- Written by webmin
Oh look, it’s EcoMotors International, some new greenie-car startup company with a “revolutionary” engine design. I bet it’ll save all the polar bears while running on a blend of hemp oil, wildflowers and moonbeams.
Ha! Just what flavor of hippie vegetarian baloney is this? And what automotive genius is running this company? Let me guess: Al Gore? Ed Begley Jr? Henry David Thoreau?
Uh, well as it turns out the President and COO of EcoMotors is John Coletti, former director of Ford’s skunkworks performance division, SVT. Coletti is the guy who pushed for the Mustang to stay a rear-drive V-8 performance machine instead of becoming the forgettable front-drive that Ford sold as the unfortunately named Probe. Coletti was also on board during the 1999 SVT Cobra intake manifold debacle and the car’s subsequent comeback that culminated in the incredible 2003-’04 supercharged “Terminator” Cobra. SVT’s crowning achievement under Coletti’s watch was the Ford GT supercar – unbelievable as it seems today that Ford actually built it. Of course, there were also bread-and-butter rigs like the the SVT Contour, F-150 Lightning and SVT Focus, all excellent performance machines.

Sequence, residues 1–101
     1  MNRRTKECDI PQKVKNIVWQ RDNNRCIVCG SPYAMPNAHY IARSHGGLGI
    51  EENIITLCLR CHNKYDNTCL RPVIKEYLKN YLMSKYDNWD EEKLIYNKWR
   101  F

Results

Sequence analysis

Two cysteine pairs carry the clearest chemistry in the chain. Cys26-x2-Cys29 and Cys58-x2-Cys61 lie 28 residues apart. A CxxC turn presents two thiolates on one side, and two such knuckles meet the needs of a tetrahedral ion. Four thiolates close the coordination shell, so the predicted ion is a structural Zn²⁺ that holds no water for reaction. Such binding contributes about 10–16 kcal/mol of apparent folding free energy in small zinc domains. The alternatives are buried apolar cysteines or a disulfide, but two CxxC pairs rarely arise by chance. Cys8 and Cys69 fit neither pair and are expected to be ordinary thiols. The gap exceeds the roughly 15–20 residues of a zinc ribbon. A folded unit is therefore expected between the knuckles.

But if you think it’s nuts that a guy like Coletti has signed on with an outfit called EcoMotors, you’re really not going to believe the engine they hope to bring to market. It’s called OPOC (Opposed Piston Opposed Cylinder), and it’s a turbocharged two-stroke, two-cylinder, with four pistons, two in each cylinder, that will run on gasoline, diesel or ethanol. The two pistons, inside a single cylinder, pump toward and away from each other, thus allowing a cycle to be completed twice as quickly as a conventional engine.
The heavy lifting for this unconventional concept was performed not by Coletti, but by EcoMotors CEO, Prof. Peter Hofbauer. During his 20 years at VW, Hofbauer headed up, among other things, development of VW’s first diesel engine and the VR6.
Hofbauer said he had the idea for the OPOC while working at VW, and was inspired by the original Beetle’s flat engine design as well as the opposed-piston, two-stroke, diesel Junkers “Jumo” aircraft engines.
The OPOC has been in development for several years, and the company claims it’s 30 percent lighter, one quarter the size and achieves 50 percent better fuel economy than a conventional turbo diesel engine.
Earlier this year, the company received an injection of $23.5 million from Khosla Ventures and Bill Gates, and says it will have a vehicle engine ready for production by 2013.
They’re predicting 100 MPG in a conventional car.